4. TSTAB does not have staff at OESSS and does not provide services there. Defendants note, however, that OESSS works with TSTAB and provides educational services for families within 24 hours of the time their eligibility is confirmed. For example, if a child is having a problem getting to school, TSTAB may be asked to provide bus tokens (see numbered paragraph 6 below). And if a child is having a problem with school admission, TSTAB will help the child obtain the necessary documents.

 5. OESSS assists families in locating a temporary place to stay -- e.g., with relatives -- while waiting for their number to come up. But the District does not determine that a family is actually homeless and thus eligible for shelter and other services until the family's number reaches the top of the list and the family returns to OESSS for placement. Once in Center City Hotel, the family is interviewed to resolve educational issues in the "best interest" of their children.

 6. The District does not provide school bus service, except for special education children. However, the District does offer transportation tokens for homeless children who have to travel more than 1.5 miles to school. Tokens are distributed at Central City Hotel on Tuesday. If a family enters the shelter after Tuesday, it normally will not receive tokens until the following Tuesday, although TSTAB will help obtain tokens on an interim basis if the family expresses a need. The District's usual policy is to distribute tokens only after the "best interest" determination is made at Center City. Accordingly, unless OESSS notifies TSTAB of a family's need, tokens will not be available at the intake center. In 1994, there were no such notifications by OESSS to TSTAB. Defendants assert that the reason for no notifications is that families did not express an interim need for tokens. *fn6"

 7. On a discretionary basis, OESSS occasionally provides tokens direct to families who bring their children to the intake center and report difficulty in obtaining transportation to school. Under a limited pilot program funded by the Cafritz Foundation through June 1995, tokens are provided on a discretionary basis to some parents of homeless children, aged five to nine, so they need not travel to and from school alone, providing the parents demonstrate a financial need.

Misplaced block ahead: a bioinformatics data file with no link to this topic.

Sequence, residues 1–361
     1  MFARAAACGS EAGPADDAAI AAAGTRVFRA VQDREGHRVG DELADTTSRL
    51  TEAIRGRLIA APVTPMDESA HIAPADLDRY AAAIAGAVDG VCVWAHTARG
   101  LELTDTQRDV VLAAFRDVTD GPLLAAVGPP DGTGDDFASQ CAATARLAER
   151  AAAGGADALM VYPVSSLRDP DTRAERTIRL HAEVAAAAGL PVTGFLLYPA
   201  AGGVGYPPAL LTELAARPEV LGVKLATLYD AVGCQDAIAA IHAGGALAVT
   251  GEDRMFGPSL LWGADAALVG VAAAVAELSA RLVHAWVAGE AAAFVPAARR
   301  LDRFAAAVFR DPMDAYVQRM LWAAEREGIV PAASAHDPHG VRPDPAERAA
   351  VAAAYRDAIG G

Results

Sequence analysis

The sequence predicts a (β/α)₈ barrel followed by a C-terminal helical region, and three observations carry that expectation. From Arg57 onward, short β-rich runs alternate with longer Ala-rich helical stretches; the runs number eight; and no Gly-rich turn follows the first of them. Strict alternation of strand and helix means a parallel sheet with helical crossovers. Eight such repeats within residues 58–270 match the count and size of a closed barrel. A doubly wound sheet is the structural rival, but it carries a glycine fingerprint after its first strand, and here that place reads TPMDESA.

The McKinney Act was passed in 1987 in response to "the critically urgent needs of the homeless," 42 U.S.C. § 11301(b)(2) (1988), including the proper education of their children. 42 U.S.C. § 11431-35 (Supp. IV 1992). The Act reflected broad congressional policy that "each State educational agency . . . assure that each child of a homeless individual and each homeless youth have access to a free, appropriate public education . . . [and that] homelessness alone . . . not be sufficient reason to separate students from the mainstream school environment." Id. § 11431. For purposes of the Act, the District of Columbia is considered to be a state, 42 U.S.C. § 11421(d) (1988), and by accepting federal funds, the District assumed the obligation to comply with the Act's requirements. 42 U.S.C. § 11432(c) (Supp. IV 1992).

 Section 11432(e), captioned "State plan," contains the pertinent provisions for purposes of plaintiffs' summary judgment motion. Paragraph (1) describes in general terms the concerns that are to be addressed by the plan. In particular, subparagraph (G) requires the District to adopt procedures designed to "address problems with respect to the education of homeless children and ...